After delaying his promised retirement for so long it looked like they might have to throw him out, Enda Kenny finally resigned as Fine Gael leader last week with a touch of class.   He stays as taoiseach until the party chooses his successor on June 2, but it is the end of the Kenny era.  

There were no theatrics, no self-serving, Haughey-style guff about the service he had done the state, just a simple statement to his colleagues in the parliamentary party at their private meeting.  Like the line from Macbeth, nothing in his (political) life became him like the leaving of it.  

It took just a few moments for him to read the resignation statement at the start of the party meeting, and by all accounts it was emotional. At the end of it, with a twinkle in his eye towards those who had been pushing for months for him to make the announcement, he asked, “Is it okay if I go now?”  And then he left the room and left them to it. 

It was typical of Kenny.  He is modest, personable and inoffensive, what the Irish call "a decent man."   But he was never leader material.

He had been in the Dail since 1975, spending almost all of his time as an anonymous backbencher and only serving briefly as a minor minister.  He only got to be leader of Fine Gael in opposition in 2002 because the big names in the party all had a go at it first.  

When he got to be taoiseach in 2011 it was because the electorate was punishing Fianna Fail for the crash, not because of any inspiration he offered.  Which is why he was often called the accidental taoiseach.  

However, Kenny had something that all politicians need -- luck on his side.  Having gained seats for Fine Gael in the 2007 election, he had come close to gaining power at that point, reversing the previous steep decline of Fine Gael.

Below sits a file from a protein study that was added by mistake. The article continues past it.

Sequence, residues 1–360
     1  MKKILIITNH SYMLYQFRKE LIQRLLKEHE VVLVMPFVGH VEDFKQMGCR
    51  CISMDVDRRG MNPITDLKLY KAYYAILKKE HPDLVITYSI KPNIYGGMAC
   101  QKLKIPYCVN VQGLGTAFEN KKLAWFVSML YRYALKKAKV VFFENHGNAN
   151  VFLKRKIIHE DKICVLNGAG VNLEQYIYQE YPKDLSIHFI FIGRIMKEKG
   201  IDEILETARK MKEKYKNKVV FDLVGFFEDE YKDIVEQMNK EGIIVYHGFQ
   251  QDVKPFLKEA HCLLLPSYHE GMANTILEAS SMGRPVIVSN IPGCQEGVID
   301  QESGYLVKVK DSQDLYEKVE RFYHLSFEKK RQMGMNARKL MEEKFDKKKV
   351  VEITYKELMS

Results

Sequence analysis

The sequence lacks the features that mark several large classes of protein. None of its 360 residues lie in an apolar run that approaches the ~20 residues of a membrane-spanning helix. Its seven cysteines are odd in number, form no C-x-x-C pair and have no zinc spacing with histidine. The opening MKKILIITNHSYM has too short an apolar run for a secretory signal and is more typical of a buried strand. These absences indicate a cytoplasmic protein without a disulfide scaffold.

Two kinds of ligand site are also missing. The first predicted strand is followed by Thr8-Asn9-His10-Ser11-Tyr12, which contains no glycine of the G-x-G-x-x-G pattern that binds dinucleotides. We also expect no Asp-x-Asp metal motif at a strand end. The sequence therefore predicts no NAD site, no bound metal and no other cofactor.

But if he had won then he would have been taoiseach when the boom turned to bust.  A few years later Ireland was bankrupt and the troika had to come in with the bailout. 

Despite his best efforts he was lucky enough to lose in 2007, and the compromised Bertie Ahern stumbled on for a while before handing over to Brian Cowen.  When the crash happened over the following two years Fianna Fail took all the blame and were decimated by the voters in the 2011 election.   Kenny, the lucky man, became the accidental taoiseach and Fine Gael became the biggest party in the Dail.  

The narrative that Kenny subsequently led the country back to stability and turned the crash into an economic recovery has little basis in reality.   The four-year path out of the crisis had been mapped out by the then Finance Minister Brian Lenihan while Fianna Fail was still in power.  He had begun the severe cuts in spending that were necessary to balance the books again.  

When Kenny and Fine Gael took over, they merely followed the plan. The discipline to hold the line was imposed by the IMF and the EU who virtually ran the country after the bailout.   The truth is that the recovery had little to do with Kenny or his government.     

Of course that did not stop Kenny and Fine Gael claiming they had saved the country.  Keep the Recovery Going was the slogan they used when Kenny called an election at the start of last year, hoping to get a mandate to stay in power for another term.  

But the relentless cutbacks had embittered voters who did not feel any recovery themselves and deeply resented the way the cost of repaying the bailout had been loaded on them rather than the banks who had caused the crisis.   Instead of being rewarded by a grateful nation Fine Gael paid the price, losing a third of its seats.